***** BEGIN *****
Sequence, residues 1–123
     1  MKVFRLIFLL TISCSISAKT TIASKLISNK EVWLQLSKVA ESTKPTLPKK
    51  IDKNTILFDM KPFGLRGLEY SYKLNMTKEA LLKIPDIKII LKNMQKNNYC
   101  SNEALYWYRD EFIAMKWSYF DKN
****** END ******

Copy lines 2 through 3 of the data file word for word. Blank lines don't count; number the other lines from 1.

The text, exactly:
     1  MKVFRLIFLL TISCSISAKT TIASKLISNK EVWLQLSKVA ESTKPTLPKK
    51  IDKNTILFDM KPFGLRGLEY SYKLNMTKEA LLKIPDIKII LKNMQKNNYC